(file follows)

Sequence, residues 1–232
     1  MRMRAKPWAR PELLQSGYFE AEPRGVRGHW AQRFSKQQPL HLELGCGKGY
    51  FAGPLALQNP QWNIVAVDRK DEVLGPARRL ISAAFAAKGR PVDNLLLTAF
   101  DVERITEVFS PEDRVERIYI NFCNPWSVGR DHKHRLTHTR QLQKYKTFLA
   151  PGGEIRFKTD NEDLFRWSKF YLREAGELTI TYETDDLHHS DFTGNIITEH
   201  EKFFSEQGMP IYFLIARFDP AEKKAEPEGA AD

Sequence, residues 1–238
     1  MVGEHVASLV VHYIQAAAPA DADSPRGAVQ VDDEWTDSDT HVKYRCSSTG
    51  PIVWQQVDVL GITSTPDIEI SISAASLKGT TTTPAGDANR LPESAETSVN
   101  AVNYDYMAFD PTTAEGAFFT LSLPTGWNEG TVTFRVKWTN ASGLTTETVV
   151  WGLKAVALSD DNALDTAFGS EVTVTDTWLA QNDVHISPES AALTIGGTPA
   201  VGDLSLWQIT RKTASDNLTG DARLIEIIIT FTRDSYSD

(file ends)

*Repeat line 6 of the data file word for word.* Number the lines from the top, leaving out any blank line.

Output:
   201  EKFFSEQGMP IYFLIARFDP AEKKAEPEGA AD